By Mark F. Gray, Special to the AFRO, [email protected]

Despite retail manufacturers making their products available to consumers online, which is leading to the demise of department stores around the country, nearly $2 million of funding is now being made available for improvements to shopping centers and strip malls throughout Prince George’s County.  

The facelift for these commercial properties will commence thanks to slightly more than $1.9 million which are available through the Commercial Property Improvement Program (CPIP).  Prince George’s County Executive Angela Alsobrooks announced the first of the initiatives that will benefit southern County residents in Clinton, who feel they have been left behind when it comes to the proliferation of established retailers and restaurants who are setting up shop in the most affluent Black county in the United States.

Community strip malls in Prince George’s County are getting a facelift after a Commercial Property Improvement Program (Courtesy Photo)

Alsobrooks made the announcement at The Landing at Woodyard Clinton on May 30.  However, eight other community based commerce centers are undergoing similar makeovers that are restoring vacant properties and transforming them into attractive investment opportunities for developers.

“It is our goal to improve the retail diversity and quality, while also improving safety and façade,” County Executive Angela Alsobrooks said. “We have no doubt our business community, our residents and our economy will greatly benefit.”

The Landing at Woodyard is one of five shopping centers awarded the maximum amount of $350,000 from CPIP grant.  That property features a vacant building that was once was a home for a Giant food supermarket and is now being converted into a Marshalls department store. It is also expected to add a new ALDI food store, and a Chik-fil-A restaurant.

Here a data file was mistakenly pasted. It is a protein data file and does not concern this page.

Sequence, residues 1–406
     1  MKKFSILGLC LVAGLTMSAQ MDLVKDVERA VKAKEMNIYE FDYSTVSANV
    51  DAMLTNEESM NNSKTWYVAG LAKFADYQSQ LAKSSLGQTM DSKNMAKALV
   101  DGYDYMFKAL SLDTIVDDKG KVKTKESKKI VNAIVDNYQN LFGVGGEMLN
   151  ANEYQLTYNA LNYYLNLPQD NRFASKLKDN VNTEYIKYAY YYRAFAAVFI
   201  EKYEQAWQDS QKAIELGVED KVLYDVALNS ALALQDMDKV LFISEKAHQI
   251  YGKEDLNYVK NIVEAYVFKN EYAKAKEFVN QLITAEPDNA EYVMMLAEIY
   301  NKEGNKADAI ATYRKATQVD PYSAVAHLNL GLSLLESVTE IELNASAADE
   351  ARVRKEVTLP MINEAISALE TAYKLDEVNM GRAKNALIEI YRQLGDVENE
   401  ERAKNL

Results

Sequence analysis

A little farther north, another beneficiary of the grant is The Shops at Iverson.  Formerly known as Iverson Mall, the property was acquired by the Westend Capital Group in 2018. The company which had already started filling empty space on site, has invigorated that community at the top of Branch Avenue by remaking itself as more than just a conventional shopping center.  It has become a “mixed use” mall featuring everything from casual dining establishments to office space.

“This program has allowed us to recreate Iverson Mall as a hub in this community,” James F. Barter, Jr., managing partner of the Westend Capital Group, told the [AFRO].  “The initiative allows retail landlords a chance to reinvest in the property and attract new tenants. Retail space has lots of room for investments to make our properties more attractive to the public.”

In addition to its cosmetic changes which brought new foot traffic to the mall, Westend Capital had already begun its remake by blending a group of national chain restaurants with local small businesses who need office space as well after addressing safety concerns with better lighting and more security.

They started by attracting a diversified group of new restaurants including Chipotle, Wingstop, Quickway Hibachi, Tropical Cafe, and Hook and Reel seafood.  However, the community office space concept has led to tenants that now include Maryland Healthcare Clinics and counseling services too. According to Barter, the Capital Food Bank also distributes food to families in need each month.  

“The cool factor of tenants has improved our foot traffic and there’s been a snowball effect,” said Barter.  “We’ve been [able] to combine national chains with local small businesses who share the same vision.”

To qualify for the program the property owners must be able to start the transformation process and bring improvements on no longer than 90 days after approval of the CPIP grant awards. Owners can receive between $50,000 to $350,000 for their projects and match the grant funds to receive their reimbursement.